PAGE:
I also had the privilege of seeing this film in the theatre, along with a live Q & A sessions with Lynda Carter, Jeannie Epper, and Amanda Micheli. What a thrill. It was so great to hear Lynda and Jeannie recount their days on the Wonder Woman set and give praise to each other for their respective performances. Amanda also gave great insight into the making of the film and what her vision had been for the project. She is a super lady herself and presents a terrific documentary that you will want to check out.
on May 4, 2005
I got a chance to see this movie in San Francisco a few weeks back and I absolutely fell in love with it. The story revolves two stuntwomen, one starting her career and one on the tail end of her career. You see the ups and downs of trying to get a career started and the ups and downs of trying to get one going. It's hard enough being a stuntperson at all, let alone being a woman in a job domminated by men.
The cameos in the movie by the likes of Steven Spielberg, and Quentin Tarantino are just added bonuses to make an already great movie just that much more interesting.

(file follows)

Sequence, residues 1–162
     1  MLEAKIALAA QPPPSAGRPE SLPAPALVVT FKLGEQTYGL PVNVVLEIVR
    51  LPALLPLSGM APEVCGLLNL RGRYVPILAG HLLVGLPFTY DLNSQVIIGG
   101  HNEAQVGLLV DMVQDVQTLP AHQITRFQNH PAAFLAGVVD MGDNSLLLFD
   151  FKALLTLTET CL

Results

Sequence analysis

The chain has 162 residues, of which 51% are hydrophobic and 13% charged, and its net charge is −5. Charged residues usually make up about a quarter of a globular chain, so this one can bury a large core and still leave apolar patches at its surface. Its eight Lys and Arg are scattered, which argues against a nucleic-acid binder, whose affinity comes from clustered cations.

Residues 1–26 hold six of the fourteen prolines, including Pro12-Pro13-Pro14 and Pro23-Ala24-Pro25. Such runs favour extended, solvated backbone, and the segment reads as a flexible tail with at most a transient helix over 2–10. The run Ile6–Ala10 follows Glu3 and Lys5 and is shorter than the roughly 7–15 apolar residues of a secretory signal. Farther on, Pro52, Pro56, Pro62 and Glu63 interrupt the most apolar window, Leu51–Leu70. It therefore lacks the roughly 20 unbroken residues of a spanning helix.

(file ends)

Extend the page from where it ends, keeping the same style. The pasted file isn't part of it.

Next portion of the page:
This is a great look at what goes on behind the scenes in a way you've probably never seen before. If you're a fan of action films, of filmmaking, or just of women who kick ass then pre-order this baby now. I just did.
on July 12, 2005
Yes this documentary tries to be marketed to Kill Bill fans and Yes this documentary tries to be marketed to Xena fans....
BUT this documentary is so much more. It delivers a very interesting insight view into the hollywood industry showing the work of stunt artists - femal stunt artists - and how they work. A very intimate look at two outstanding artists of their profession and the DVD even offers more: the various deleted scenes, commentaries and interviews even deliver a wider range of information and insight and thus bring to the fan what no documentary before has delivered: a capable and intimate insight into the lives and works of female stunt artists, a profession that made films such as Kill Bill possible